United States, Title 17, United States Code §§ 101, et seq.
10. Under Section 106 of the Copyright Act, Plaintiffs have the distinct, severable, and exclusive rights to, among other things, reproduce and distribute their works to the public and to perform those works publicly by means of a digital audio transmission. 17 U.S.C.
§§ 106(1), (3), (6).
11. Plaintiffs seek a declaration that Defendants willfully infringe Plaintiffs’ copyrights under federal law. Plaintiffs also seek an injunction prohibiting Defendants from further infringement of Plaintiffs’ copyrights and an injunction, pursuant to Section 502 of the Case 1:15-cv-23810-XXXX Document 1 Entered on FLSD Docket 10/13/2015 Page 5 of 20 Copyright Act (17 U.S.C. § 502(a)), 28 U.S.C. § 1651(a), and this Court’s inherent equitable powers, prohibiting Defendants and third parties with notice of the injunction from facilitating access to or providing support for any or all domain names and websites through which Defendants infringe Plaintiffs’ copyrights and other rights in Plaintiffs’ sound recordings.
Plaintiffs further seek actual damages or statutory damages in the amount of $150,000 for each infringed work as allowed under Section 504 of the Copyright Act for willful copyright infringement.
12. This Court has subject matter jurisdiction pursuant to 28 U.S.C. §§ 1331 and 1338(a).
13. This Court has personal jurisdiction over Defendants pursuant to Fla. Stat.
§ 48.193, for at least the following reasons: Defendants are citizens and residents of the State of Florida; Defendants have been operating, conducting, engaging in, or carrying on a business or business venture in this state; Defendants are engaging in, causing, inducing, materially contributing to, supervising and controlling, and receiving a direct financial benefit from copyright infringement within this state; and Defendants are engaged in substantial and not isolated activity within this state.
15. Plaintiff Atlantic Recording Corporation is a corporation duly organized and existing under the laws of the State of Delaware, with its principal place of business in the State of New York.
Case 1:15-cv-23810-XXXX Document 1 Entered on FLSD Docket 10/13/2015 Page 6 of 20
16. Plaintiff Warner Bros. Records Inc. is a corporation duly organized and existing under the laws of the State of Delaware, with its principal place of business in the State of California.
17. Plaintiff UMG Recordings, Inc. is a corporation duly organized and existing under the laws of the State of Delaware, with its principal place of business in the State of California.
18. Plaintiff Sony Music Entertainment is a partnership duly formed under the laws of the State of Delaware, with its principal place of business in the State of New York.
19. Plaintiff Capitol Records, LLC is a limited liability company duly formed under the laws of the State of Delaware, with its principal place of business in the State of California.
20. Plaintiffs Atlantic Recording Corporation, Warner Bros. Records Inc., UMG Recordings, Inc., Sony Music Entertainment, and Capitol Records, LLC are collectively referred to herein as “Plaintiffs.”
21. Plaintiffs, along with their affiliated companies, are the copyright owners or owners of exclusive rights with respect to the vast majority of copyrighted sound recordings sold in the United States. Under the Copyright Act, Plaintiffs have, inter alia, the exclusive rights to reproduce the copyrighted works, to distribute copies or phonorecords of the copyrighted works to the public, to perform publicly the copyrighted works by means of digital transmission, and to authorize or license any such activities. See 17 U.S.C. §§ 106(1), (3), (6). Plaintiffs are also the owners of sound recordings protected under state law.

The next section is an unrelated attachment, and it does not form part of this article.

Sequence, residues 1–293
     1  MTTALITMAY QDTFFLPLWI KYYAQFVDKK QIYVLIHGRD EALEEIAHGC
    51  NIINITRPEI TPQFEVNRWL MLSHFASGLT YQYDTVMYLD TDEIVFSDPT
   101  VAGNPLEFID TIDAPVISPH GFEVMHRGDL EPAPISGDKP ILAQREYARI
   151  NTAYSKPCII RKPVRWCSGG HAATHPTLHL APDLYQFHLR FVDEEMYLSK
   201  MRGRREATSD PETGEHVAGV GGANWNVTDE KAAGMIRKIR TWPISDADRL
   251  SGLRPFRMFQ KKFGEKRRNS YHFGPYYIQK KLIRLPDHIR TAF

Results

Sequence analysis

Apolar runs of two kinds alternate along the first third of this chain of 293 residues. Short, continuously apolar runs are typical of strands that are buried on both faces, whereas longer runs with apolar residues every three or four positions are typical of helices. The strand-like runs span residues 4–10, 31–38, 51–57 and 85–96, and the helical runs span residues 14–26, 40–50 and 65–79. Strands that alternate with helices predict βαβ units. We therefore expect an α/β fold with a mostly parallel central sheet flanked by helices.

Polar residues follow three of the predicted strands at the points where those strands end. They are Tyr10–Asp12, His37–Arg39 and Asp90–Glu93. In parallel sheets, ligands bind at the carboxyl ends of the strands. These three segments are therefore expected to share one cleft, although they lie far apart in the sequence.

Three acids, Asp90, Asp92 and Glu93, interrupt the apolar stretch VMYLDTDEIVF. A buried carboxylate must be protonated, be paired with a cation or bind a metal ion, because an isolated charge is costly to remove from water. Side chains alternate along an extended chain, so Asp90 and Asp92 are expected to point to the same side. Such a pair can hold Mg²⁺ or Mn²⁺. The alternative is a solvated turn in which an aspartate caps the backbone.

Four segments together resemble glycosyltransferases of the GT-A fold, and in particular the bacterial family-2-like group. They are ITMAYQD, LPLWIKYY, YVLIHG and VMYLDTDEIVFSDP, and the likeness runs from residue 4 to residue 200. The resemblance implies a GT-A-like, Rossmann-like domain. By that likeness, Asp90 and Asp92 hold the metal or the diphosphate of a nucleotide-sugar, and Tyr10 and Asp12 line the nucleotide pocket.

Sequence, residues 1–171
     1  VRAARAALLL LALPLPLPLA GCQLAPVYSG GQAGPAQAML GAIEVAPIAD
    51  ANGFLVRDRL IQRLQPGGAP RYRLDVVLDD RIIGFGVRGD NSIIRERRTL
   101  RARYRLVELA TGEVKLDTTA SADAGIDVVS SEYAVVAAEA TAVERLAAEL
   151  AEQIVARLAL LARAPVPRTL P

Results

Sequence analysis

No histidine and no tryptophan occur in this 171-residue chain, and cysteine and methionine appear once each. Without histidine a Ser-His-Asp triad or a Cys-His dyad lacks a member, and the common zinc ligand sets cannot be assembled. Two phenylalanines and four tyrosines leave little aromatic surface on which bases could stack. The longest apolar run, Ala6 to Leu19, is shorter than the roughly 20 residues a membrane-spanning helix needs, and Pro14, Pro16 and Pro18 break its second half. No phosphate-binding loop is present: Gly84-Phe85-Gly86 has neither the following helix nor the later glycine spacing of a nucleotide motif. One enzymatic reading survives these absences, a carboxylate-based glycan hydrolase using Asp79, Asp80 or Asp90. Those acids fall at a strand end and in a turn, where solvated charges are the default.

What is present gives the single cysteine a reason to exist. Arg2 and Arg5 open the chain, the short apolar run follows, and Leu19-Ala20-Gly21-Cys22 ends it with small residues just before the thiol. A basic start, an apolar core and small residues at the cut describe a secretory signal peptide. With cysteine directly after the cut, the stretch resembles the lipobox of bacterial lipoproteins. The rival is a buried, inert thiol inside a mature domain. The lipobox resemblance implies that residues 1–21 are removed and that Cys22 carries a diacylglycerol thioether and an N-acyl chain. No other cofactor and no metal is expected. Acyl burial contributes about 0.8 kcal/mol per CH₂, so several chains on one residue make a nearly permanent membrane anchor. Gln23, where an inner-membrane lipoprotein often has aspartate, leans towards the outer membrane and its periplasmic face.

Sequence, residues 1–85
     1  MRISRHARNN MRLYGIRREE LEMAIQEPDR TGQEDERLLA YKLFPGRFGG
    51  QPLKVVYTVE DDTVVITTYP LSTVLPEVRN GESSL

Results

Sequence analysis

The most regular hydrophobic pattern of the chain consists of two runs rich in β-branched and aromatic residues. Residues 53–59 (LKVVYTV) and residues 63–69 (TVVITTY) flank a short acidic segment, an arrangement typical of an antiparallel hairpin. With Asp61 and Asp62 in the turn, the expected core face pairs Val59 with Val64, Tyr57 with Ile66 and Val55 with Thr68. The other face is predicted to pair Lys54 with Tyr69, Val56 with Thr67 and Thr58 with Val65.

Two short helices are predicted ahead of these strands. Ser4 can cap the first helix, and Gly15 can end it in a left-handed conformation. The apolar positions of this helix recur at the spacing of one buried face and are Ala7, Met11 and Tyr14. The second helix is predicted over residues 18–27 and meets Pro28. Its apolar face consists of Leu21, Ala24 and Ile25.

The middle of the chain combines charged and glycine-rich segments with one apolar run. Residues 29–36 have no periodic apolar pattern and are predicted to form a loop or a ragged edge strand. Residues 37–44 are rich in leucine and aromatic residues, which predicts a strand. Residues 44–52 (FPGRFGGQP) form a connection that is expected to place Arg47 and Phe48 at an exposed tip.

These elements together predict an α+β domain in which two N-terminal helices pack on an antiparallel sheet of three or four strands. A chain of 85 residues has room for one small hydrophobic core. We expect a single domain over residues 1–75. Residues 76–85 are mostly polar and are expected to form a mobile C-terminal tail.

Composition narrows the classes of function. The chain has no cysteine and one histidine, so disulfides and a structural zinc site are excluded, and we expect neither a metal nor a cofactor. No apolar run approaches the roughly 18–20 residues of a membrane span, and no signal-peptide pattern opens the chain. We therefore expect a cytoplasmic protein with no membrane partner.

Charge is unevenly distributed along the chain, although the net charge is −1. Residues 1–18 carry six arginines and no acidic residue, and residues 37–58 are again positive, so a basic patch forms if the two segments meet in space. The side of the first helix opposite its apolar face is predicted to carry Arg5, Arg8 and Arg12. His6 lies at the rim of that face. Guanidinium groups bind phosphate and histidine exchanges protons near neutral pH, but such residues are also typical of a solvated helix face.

22. Plaintiffs manufacture, distribute, license, and sell phonorecords (e.g., the material objects and/or digital files containing recorded music) in the form of CDs, cassettes and other tangible media. Plaintiffs also distribute their sound recordings in the form of digital audio Case 1:15-cv-23810-XXXX Document 1 Entered on FLSD Docket 10/13/2015 Page 7 of 20 files delivered or performed via the Internet. Plaintiffs and legitimate services with which they work provide a wide variety of authorized ways for consumers to enjoy recorded music distributed and performed over the Internet, including digital download and/or streaming services like Apple Music, iTunes, Google Play, Amazon, Rhapsody, Spotify, and many others. Unlike Defendants’ service, these services operate lawfully and pay Plaintiffs for sound recordings that they distribute or perform.
23. Plaintiffs have invested and continue to invest significant money, time, effort, and creative talent to discover and develop recording artists, and to create, manufacture, advertise, promote, sell, and license sound recordings embodying their performances. Plaintiffs, their employees, their recording artists, and others in the music industry are compensated for their creative efforts and monetary investments largely from the sale and distribution of sound recordings to the public, including the authorized online sale and distribution described above.
numerous and rapidly growing number of sound recordings to which Plaintiffs and/or their affiliated and/or predecessor companies own exclusive rights under copyright that have been and are being infringed by Defendants. As set forth in Exhibit A, the copyright in each of these sound recordings is registered in the United States Copyright Office. See 17 U.S.C. §§ 409-412.
Plaintiffs intend to amend the Complaint at an appropriate time to provide an expanded list of works infringed by Defendants.
25. Defendant Andrew Sampson (“Sampson”) lives in North Miami, Florida. On information and belief, he is personally directing and participating in, and personally receiving a direct financial benefit from, the conduct alleged herein. Sampson describes himself as the lead Case 1:15-cv-23810-XXXX Document 1 Entered on FLSD Docket 10/13/2015 Page 8 of 20 software developer for the Aurous service and the individual responsible for decisions regarding the service. Sampson is the President of Defendant Aurous Group, Inc.
26. Defendant Aurous Group, Inc. (“Aurous Group”) is a corporation organized and existing under the laws of the State of Florida, with its principal place of business in North Miami, Florida.
27. Defendants Does 1-10 are individuals who, along with Defendants Sampson and Aurous Group, own and/or operate Defendants’ service, but whose identities and addresses are currently unknown to Plaintiffs.
28. Defendants Sampson, Aurous Group, and Does 1-10 are collectively referred to as “Defendants.” On information and belief, at all times relevant hereto, Defendants served as the agents of one another in infringing Plaintiffs’ copyrights.